It’s a magical time of year and season of giving. There’s a feeling of delight when a child holds a treasured toy for the first time. That precious look in the child’s eyes says it all. For grownups, that’s the joy of giving toys for the holidays.
Giving the gift of safety this holiday season is extremely important. Making sure the toys you are purchasing are appropriate for the child’s age is key.
While kids want fun stuff, they need safe playthings too. During National Safe Toys and Gift Month, Aspirus Health shares these safety tips for your next trip down the toy aisle:
- Read labels carefully. Labels on toy packages can help you decide if the toy is safe for a child’s age and matches his or her interests and abilities. Make sure the label says the toy is nontoxic – meaning it doesn’t contain materials that could poison a child.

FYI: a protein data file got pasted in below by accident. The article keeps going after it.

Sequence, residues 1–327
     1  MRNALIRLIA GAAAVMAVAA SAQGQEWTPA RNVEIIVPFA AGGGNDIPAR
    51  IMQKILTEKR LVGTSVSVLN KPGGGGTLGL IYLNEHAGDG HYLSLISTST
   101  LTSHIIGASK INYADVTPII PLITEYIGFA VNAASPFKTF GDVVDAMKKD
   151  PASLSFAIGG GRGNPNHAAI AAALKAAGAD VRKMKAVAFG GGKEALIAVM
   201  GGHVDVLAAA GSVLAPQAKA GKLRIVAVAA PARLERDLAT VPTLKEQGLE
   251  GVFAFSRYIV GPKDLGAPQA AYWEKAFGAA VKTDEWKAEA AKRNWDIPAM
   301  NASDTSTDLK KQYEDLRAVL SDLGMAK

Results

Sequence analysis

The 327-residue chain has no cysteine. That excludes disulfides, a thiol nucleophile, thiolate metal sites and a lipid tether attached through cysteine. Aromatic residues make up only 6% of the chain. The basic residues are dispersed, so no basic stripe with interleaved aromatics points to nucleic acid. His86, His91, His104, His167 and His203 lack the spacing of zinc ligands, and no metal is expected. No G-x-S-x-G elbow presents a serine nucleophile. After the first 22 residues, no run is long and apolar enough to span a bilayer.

- Look for potential hazards. For instance, loud toys can harm a child’s hearing. Strings or ribbons on stuffed animals can cause strangulation – remove them if the gift is for a young child. And small game pieces are OK for older kids, but they may choke a younger child if swallowed.
- Think twice about flying toys. Toys that shoot things into the air can be a blast. But some parts may injure eyes or be choking hazards.
- For young kids, avoid toys that need to be plugged in. Children younger than the age of 10 are safer with battery-powered toys instead. Just remember to keep any button batteries – which might be swallowed – away from younger siblings.
- Hand them a helmet too. Buying a riding toy? Don’t forget to include this safety gear for your skateboarding teen or tricycling tyke.
Last year, there were over 198,000 toy-related injuries, according to the U.S. Consumer Product Safety Commission. Some of the most common injuries are:
- Eye injuries
- Face injuries
Julia Pickens, MD, is a pediatrician at Aspirus Rhinelander Clinic – North Shore Drive.